The day everything changed?

Even since I wrote Create Your Own Economy, which was not so long ago, I've come around closer to Alex's position on on-line instruction.  Today I read:

After several years of experimenting
with “hybrid” Spanish courses that mix online and classroom
instruction, the University of North Carolina at Chapel Hill has
decided to begin conducting its introductory Spanish course exclusively
on the Web.

Spanish 101, which had featured online lessons
combined with one classroom session per week, will drop its
face-to-face component in an effort to save on teaching costs and
campus space in light of rising demand for Spanish instruction and a
shrinking departmental budget.

Adios a mis amigos!

Addendum: Elsewhere on the "everything changed" front, no one wants to buy The Boston Globe and Barnes and Noble's new e-Reader — Nook — will allow e-readers to "lend" copies to their friends, albeit in sequential fashion.

Comments

just curious -- how will they give feedback on accent and how will they evaluate listening skills?

Yeah, could you elaborate on what Alex's position *is*?

Babar, if students and instructors have microphones and speakers attached to their computers, then instructors can give feedback on accent and evaluate conversation/speaking/listening skills. However, they will miss out on all the body language cues and facial expressions that are part of communicating in any language, and which are a vital part of foreign language instruction.

There is an approach to teaching introductory foreign languages called Total Physical Response (TPR), which has a great deal of appeal. Essentially, the instructor plays a sort of fast-paced "Simon Says"-type game with the students, in which they have to respond appropriately to various commands in the foreign language.

Without elaborate video hookups, it's hard to see how this would translate to an on-line class.

As a UNC alum, I can tell you that the real issue behind this is that they dropped the graduate program for romance languages. A few years ago my Portuguese "professors" were relaying information that they were the last class of graduate students in the program. All of the entry level foreign language courses are taught by grad students (I think most study comparative literature or something to this extent); get rid of this program and you have no cheap teachers left to do SPAN 101-201 grunt work.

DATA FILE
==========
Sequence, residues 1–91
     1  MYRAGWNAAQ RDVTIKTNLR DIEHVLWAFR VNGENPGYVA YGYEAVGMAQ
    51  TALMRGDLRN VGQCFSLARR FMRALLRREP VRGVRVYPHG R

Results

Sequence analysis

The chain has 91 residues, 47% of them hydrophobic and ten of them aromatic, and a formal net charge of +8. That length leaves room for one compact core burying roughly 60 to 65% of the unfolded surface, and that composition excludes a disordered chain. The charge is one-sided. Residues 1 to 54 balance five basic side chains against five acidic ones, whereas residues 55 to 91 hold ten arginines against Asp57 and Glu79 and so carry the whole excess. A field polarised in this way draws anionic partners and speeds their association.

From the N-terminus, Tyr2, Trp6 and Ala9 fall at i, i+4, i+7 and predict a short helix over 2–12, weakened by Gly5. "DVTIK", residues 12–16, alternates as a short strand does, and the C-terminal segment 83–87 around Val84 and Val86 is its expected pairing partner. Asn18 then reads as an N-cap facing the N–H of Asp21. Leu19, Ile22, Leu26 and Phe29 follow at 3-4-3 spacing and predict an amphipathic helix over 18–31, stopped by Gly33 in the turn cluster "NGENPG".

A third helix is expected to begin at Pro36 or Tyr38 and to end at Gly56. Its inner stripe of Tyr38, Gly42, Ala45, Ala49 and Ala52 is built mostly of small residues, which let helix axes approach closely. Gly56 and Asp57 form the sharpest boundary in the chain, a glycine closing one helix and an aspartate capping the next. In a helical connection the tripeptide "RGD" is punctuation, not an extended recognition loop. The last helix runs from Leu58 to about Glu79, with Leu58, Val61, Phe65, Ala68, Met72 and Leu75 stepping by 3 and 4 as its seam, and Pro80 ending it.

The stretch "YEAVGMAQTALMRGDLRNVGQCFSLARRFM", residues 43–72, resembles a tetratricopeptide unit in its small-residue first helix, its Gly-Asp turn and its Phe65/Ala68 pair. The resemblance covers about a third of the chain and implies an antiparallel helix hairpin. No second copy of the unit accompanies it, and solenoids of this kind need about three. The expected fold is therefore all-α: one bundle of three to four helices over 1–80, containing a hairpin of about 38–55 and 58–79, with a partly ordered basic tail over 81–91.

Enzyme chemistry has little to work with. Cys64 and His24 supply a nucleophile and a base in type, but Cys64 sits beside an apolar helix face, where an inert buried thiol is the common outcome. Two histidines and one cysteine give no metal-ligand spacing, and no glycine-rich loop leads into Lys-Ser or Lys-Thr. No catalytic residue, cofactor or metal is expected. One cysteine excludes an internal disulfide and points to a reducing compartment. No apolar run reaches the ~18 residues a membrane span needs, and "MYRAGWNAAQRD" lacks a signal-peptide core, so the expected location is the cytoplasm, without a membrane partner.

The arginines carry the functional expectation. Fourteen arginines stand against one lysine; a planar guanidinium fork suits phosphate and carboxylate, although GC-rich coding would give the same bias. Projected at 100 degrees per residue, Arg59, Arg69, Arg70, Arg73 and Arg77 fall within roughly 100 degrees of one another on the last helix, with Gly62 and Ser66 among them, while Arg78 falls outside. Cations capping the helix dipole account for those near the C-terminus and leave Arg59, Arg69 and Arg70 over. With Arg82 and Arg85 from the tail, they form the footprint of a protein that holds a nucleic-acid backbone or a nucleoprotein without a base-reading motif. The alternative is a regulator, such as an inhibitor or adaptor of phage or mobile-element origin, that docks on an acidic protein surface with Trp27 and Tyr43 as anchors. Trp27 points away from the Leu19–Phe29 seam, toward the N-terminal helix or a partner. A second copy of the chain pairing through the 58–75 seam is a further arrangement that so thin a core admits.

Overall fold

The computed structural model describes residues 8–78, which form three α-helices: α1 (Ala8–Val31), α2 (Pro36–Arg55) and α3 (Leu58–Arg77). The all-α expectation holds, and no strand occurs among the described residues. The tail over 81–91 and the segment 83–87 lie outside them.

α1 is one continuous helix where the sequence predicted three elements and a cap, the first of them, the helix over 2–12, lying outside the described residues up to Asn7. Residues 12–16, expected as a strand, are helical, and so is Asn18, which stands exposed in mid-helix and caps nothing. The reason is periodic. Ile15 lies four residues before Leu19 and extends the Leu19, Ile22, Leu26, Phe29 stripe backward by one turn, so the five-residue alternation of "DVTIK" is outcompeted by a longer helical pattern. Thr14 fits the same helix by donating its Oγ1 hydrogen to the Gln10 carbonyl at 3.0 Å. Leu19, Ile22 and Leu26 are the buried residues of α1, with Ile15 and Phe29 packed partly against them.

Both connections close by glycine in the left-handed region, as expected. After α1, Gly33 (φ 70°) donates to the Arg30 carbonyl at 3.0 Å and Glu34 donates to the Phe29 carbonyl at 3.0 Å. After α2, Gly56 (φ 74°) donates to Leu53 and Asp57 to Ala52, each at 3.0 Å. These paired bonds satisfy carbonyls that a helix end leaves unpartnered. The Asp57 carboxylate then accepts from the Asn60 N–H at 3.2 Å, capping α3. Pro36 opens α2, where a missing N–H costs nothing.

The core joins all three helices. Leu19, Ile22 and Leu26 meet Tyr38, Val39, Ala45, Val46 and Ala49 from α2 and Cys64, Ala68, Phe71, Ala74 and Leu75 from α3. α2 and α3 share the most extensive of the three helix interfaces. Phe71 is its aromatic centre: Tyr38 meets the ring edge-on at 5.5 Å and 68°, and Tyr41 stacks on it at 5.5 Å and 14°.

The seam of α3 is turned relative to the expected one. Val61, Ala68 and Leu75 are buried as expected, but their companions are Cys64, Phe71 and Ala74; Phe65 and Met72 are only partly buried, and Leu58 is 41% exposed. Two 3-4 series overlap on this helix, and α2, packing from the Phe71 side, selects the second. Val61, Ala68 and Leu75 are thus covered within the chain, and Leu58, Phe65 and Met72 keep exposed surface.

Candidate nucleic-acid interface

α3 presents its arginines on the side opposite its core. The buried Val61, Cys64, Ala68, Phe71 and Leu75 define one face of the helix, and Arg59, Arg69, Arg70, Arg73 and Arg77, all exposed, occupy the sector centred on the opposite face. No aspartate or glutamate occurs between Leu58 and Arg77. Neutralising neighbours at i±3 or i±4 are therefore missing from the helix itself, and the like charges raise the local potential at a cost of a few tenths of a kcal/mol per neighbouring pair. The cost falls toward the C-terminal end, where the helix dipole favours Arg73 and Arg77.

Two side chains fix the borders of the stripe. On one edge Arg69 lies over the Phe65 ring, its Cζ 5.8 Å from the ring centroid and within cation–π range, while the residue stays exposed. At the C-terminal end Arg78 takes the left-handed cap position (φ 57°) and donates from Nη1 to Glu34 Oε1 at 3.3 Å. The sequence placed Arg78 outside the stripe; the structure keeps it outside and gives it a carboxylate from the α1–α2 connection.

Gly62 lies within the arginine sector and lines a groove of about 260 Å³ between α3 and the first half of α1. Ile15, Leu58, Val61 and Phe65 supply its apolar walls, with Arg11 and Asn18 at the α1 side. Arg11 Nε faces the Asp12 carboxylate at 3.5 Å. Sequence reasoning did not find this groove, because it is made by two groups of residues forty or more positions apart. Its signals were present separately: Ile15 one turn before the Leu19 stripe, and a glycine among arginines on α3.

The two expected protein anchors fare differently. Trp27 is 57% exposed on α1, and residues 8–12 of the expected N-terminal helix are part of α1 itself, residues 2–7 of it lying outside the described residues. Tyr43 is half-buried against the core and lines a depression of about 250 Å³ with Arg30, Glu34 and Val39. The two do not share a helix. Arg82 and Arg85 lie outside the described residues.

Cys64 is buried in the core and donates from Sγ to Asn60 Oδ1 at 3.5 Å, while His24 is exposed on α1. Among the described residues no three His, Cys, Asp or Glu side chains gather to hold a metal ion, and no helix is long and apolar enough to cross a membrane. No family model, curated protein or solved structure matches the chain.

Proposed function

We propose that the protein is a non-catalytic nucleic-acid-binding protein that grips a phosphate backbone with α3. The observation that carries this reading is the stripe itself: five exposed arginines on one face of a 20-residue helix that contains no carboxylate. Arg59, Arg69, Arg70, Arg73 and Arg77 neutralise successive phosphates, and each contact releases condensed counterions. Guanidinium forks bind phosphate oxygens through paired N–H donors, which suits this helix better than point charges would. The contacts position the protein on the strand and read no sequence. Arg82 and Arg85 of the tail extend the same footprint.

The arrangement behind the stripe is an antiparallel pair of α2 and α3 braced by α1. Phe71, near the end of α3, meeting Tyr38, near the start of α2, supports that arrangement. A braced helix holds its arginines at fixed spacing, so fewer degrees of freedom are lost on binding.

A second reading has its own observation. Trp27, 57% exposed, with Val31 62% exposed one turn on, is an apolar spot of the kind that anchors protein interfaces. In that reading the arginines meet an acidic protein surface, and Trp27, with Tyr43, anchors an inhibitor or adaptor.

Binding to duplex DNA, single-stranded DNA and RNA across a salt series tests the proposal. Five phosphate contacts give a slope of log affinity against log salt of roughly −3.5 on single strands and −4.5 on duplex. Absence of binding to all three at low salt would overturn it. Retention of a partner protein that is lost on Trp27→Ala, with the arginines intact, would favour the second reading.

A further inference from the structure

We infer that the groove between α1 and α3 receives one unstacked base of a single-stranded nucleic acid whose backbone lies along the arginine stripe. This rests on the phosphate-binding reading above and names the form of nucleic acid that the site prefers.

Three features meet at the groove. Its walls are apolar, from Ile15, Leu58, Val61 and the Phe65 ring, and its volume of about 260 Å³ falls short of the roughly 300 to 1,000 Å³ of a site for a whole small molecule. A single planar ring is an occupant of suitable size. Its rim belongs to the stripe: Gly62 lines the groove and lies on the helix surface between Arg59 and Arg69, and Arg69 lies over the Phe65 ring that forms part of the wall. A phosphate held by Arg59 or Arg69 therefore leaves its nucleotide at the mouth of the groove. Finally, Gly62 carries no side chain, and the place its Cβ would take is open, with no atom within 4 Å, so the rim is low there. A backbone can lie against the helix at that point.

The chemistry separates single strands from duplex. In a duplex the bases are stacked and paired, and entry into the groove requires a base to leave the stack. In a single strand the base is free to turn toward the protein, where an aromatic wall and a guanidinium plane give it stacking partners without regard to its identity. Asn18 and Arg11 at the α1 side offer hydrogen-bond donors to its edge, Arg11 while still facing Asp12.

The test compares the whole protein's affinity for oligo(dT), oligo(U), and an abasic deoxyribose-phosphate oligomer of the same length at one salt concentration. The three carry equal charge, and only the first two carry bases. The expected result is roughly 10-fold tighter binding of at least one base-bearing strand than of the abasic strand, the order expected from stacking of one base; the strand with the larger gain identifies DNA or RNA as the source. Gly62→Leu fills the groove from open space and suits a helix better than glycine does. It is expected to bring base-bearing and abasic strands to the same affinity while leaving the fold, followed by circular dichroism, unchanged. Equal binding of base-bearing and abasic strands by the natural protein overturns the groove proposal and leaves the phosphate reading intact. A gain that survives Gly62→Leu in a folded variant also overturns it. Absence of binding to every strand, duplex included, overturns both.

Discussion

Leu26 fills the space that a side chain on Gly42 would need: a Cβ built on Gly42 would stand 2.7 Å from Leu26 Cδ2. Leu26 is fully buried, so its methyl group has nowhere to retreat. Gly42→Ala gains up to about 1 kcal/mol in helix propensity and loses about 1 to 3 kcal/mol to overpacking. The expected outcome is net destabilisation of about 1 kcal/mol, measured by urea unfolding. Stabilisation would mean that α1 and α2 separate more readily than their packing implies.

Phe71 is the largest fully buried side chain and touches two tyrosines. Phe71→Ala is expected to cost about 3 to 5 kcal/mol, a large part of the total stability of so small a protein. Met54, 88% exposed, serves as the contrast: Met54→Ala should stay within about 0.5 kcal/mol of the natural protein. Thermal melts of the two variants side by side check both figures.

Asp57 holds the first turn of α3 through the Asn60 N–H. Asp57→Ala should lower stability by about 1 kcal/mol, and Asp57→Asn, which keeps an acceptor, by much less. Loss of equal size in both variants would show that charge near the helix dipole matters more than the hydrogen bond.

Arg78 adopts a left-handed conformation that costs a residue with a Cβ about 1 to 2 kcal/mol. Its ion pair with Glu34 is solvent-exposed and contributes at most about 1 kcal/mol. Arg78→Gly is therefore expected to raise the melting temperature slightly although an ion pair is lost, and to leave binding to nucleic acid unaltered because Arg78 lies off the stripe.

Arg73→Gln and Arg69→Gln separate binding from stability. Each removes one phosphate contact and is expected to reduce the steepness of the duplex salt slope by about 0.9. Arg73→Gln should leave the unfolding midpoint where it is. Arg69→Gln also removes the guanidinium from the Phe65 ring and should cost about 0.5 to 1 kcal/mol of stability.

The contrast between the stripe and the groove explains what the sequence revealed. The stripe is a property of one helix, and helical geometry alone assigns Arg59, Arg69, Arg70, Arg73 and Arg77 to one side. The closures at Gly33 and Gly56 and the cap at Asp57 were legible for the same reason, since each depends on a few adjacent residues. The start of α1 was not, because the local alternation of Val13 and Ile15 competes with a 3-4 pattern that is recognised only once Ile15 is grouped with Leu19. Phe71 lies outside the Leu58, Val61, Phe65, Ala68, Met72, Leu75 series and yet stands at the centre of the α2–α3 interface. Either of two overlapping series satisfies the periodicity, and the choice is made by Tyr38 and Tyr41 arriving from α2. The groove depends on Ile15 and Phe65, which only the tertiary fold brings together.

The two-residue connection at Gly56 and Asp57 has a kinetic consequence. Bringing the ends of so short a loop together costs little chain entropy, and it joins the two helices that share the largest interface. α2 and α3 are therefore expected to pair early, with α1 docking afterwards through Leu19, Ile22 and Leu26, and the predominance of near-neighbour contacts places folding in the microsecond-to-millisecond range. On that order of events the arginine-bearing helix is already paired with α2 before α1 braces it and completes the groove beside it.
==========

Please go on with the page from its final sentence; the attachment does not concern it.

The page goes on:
It is very strange that they chose to cut this grad program, when there is such a high demand for the introductory Spanish courses (all undergrads have to take 3 semesters of a foreign language, and well over half take Spanish) and such cheap supply for instructors. I am curious of the type of technology they are using for these online courses--it could end up being a good deal for the bottom line of the school if its highly automated. However, I could see this cauing many students to take the courses for credit elsewhere, as many already place out of two semesters of a language from a high school AP courses, and the third required semester could be taken at a community college during the summer.

Noah, I'm sorry you had a bad experience (not a trite phrase, I really do wish every school would adopt high quality methods and technologies to deliver the best instruction) but the majority of online courses are actually higher level. The majority of enrollment, for obvious reasons, are in entry-level undergrad courses. More graduate seminars and research courses are online in hybrid form because the medium allows for more information management and research access.

Worth mentioning that Yale now offers full intro courses online for free: http://www.youtube.com/yale and MIT is headed the same way.

Once-overhyped virtual worlds like Second Life would seem to be an ideal environment for language learning. Avatars using voice and text and walking through an environment that includes objects in context whose names are vocabulary items... I think the Goethe Institut of Germany is active there, but not too many other organizations so far.

While I am all for e-readers, I doubt it that people want to walk into a B&N store to browse digitally. I can do that at home. I would want to go to B&N more for the physical retail experience.

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